Financial Planning and Analysis: Challenges and Opportunities in an Unpredictable Environment
by Jim Kaitz, CEO, Association for Financial Professionals (AFP)
In this article, Jim Kaitz, CEO of the Association for Financial Professionals (AFP), comments on the Tesco inquiry and outlines the importance of a strong corporate culture, reliable forecasting practices and the integration of corporations’ risk management practices with their financial planning and analysis departments.
Tesco’s profit overstatement
After a few successive profit warnings, a plummeting share price, difficulties retaining customers in the current UK supermarket price war and the subsequent departure of its CEO, Tesco recently announced that it had overstated its profits by 23%, or £250m. Following the announcement of this ‘accountancy scandal’, Tesco launched an investigation and suspended five executives, including most recently, its Group Commercial Director.
The £250m shortfall was brought to the attention of the company by a whistle-blower. Allegedly, the retailer was prematurely booking income from supplier deals whilst pushing back costs. According to some sources, these actions were taken to help the retailer to compete with the likes of Aldi and Lidl.
Before this, Tesco had come under major public scrutiny after it was widely published that its CFO stepped down in April 2014, whilst his successor was not due to join until October this year. The retailer admitted on 25 September that between April and October, its CFO had not been involved in any financial decision-making and instead, former CEO Philip Clarke had set up a separate team of financial professionals to manage its finances. Shortly after the overstatement was announced, Tesco’s new CFO joined the company; a month earlier than expected.
While Tesco’s announcement appears to have resulted from an accountancy scandal, even less nefarious situations can cause financial and reputational damages, and cost financial executives their jobs. One major US retailer announced a seven-figure forecasting error that reportedly stemmed from a failure to recognise risks and changing business conditions in one of its business segments. While it is generally accepted that this was a forecasting error and nothing wilful, the financial impact was nonetheless swift and material, as was the retirement of the company’s CFO.
As an expert in financial planning and analysis, AFP recently commented on these issues, claiming that the forecasting error was due to a lack of communication between the company’s financial department and other parts of the company.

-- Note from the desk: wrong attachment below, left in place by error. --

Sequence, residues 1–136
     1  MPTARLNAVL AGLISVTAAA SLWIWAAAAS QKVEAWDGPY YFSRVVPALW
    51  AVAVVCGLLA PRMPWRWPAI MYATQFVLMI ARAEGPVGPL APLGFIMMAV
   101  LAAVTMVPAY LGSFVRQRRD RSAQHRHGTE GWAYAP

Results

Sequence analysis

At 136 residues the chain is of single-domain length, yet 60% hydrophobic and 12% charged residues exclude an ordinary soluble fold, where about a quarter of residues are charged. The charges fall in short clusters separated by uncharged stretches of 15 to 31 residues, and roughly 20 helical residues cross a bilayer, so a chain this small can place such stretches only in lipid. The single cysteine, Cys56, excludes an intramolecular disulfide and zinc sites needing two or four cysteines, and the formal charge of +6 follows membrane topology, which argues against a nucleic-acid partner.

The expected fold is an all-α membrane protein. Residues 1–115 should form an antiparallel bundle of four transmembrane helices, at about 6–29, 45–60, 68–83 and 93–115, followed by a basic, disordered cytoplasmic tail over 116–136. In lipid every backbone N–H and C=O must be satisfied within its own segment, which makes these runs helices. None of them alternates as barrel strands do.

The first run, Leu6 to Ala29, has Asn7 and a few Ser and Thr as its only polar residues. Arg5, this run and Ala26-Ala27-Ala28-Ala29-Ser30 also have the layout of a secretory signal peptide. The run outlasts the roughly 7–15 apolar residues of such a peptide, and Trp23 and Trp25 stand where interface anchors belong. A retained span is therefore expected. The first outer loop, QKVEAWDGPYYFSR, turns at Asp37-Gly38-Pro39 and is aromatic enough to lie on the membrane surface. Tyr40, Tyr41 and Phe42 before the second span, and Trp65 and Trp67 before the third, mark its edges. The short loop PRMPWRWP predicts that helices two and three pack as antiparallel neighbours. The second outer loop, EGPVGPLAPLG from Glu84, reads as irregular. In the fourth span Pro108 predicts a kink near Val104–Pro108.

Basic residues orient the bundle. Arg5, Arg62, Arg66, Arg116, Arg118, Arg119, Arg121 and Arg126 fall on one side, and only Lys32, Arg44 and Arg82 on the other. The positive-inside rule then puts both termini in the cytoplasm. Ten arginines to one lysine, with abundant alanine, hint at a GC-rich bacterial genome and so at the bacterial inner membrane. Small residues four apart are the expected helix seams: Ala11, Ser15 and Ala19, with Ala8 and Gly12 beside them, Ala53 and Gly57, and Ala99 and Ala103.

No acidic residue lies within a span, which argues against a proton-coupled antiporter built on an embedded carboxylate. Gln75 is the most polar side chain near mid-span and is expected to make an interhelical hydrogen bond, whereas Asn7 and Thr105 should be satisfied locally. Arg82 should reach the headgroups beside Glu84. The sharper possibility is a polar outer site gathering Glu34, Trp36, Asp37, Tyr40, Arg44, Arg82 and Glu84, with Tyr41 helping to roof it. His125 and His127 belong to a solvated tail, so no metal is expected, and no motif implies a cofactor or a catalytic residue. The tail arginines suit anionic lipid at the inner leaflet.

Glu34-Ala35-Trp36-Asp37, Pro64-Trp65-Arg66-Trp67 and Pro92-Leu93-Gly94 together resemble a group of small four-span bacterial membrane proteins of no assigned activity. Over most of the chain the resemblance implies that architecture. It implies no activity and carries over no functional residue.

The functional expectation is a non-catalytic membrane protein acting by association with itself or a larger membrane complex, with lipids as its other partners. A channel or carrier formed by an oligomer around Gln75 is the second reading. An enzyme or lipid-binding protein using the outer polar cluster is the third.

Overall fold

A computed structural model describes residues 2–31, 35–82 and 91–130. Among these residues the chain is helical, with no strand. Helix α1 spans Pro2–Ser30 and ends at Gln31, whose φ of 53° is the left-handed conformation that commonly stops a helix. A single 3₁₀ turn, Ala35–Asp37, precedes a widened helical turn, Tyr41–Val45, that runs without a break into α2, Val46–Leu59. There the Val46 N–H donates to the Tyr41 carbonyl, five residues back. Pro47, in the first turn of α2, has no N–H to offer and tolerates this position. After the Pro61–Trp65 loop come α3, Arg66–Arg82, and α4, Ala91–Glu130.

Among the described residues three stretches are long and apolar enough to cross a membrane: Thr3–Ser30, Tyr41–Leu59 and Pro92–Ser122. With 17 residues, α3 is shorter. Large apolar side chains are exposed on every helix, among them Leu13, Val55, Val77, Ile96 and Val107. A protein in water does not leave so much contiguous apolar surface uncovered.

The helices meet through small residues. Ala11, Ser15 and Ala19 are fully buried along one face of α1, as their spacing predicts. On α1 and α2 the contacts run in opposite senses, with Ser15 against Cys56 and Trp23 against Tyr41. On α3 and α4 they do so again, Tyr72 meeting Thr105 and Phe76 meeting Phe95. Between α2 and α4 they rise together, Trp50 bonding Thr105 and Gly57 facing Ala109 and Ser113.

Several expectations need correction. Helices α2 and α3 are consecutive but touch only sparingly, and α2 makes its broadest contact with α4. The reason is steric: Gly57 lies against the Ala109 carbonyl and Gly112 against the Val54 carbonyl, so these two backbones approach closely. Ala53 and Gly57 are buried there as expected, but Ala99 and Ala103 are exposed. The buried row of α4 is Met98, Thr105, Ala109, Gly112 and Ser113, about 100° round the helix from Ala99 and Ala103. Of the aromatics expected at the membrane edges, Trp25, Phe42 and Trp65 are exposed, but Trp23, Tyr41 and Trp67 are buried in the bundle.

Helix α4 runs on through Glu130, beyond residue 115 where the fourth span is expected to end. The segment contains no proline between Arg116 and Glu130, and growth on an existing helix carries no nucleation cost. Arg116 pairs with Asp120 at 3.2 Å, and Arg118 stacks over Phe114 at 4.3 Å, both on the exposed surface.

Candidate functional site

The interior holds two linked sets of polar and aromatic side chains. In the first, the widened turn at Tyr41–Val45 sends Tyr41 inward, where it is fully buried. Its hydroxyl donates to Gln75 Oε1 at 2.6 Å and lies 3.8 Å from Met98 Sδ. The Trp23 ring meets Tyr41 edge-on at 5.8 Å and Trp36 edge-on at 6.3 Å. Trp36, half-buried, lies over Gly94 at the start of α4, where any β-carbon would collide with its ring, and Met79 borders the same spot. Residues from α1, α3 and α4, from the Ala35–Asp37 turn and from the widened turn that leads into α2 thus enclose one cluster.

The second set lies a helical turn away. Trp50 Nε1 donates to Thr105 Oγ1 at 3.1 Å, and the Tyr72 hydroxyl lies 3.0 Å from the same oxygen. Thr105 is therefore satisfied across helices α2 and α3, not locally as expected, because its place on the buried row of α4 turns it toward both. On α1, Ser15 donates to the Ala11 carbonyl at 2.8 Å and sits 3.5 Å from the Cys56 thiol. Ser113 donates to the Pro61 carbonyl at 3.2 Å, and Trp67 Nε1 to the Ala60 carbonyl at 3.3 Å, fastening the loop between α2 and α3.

Association for Financial Professionals
Both of these issues are excellent examples of the importance of a strong corporate culture, reliable forecasting practices, and lastly, the integration of corporations’ risk management practices with their financial planning and analysis departments. AFP is a representative organisation for financial and treasury professionals worldwide and recently launched its financial planning and analysis (FP&A) credential, which tests the skills of professionals that are necessary for effective financial planning and analysis.
Organisational culture and structure
Culture is often considered to be rather invisible and therefore it can be overlooked by corporate leaders and managers. However, corporate culture should be seen as a control mechanism for financial and operational processes and should therefore be actively managed.
A corporate culture functions as the company’s personality and it can foster operational awareness amongst employees. Sustainable culture models should have a governance structure that includes different employees playing different roles, since the separation of duties helps to gather different inputs and perspectives and provides alignment across the company. A strong model culture will produce better calculations, fewer errors will be made and less time will have to be spent on fixing errors. In addition, the collaboration between team members will increase, which will benefit cross-training and the sharing of institutional knowledge. Therefore, the interaction between finance, financial models and culture can be a differentiator in determining overall competitiveness of companies.